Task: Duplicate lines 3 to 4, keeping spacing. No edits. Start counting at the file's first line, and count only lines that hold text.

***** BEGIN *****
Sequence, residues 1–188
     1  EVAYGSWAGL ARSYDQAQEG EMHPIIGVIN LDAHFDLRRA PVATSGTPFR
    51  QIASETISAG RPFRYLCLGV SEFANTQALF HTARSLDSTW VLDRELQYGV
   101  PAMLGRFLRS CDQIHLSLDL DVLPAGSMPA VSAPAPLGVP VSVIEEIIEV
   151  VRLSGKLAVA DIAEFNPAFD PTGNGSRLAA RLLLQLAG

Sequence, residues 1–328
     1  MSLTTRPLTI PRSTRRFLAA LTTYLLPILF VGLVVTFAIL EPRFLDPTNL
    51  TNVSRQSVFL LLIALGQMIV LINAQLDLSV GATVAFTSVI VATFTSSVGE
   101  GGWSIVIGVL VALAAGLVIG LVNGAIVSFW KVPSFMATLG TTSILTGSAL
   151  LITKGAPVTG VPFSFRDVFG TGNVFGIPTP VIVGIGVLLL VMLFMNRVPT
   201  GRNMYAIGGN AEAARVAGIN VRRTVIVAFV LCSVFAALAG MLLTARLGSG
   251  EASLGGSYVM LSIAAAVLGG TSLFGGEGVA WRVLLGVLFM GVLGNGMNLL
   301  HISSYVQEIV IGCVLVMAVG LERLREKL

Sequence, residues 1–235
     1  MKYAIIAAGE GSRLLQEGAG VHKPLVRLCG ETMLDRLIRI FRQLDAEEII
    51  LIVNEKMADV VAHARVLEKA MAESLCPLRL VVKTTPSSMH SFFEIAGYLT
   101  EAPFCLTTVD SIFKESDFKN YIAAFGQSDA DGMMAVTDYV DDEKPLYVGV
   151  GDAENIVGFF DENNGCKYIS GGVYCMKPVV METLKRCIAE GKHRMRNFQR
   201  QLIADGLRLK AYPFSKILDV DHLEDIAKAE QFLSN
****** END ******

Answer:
    51  QIASETISAG RPFRYLCLGV SEFANTQALF HTARSLDSTW VLDRELQYGV
   101  PAMLGRFLRS CDQIHLSLDL DVLPAGSMPA VSAPAPLGVP VSVIEEIIEV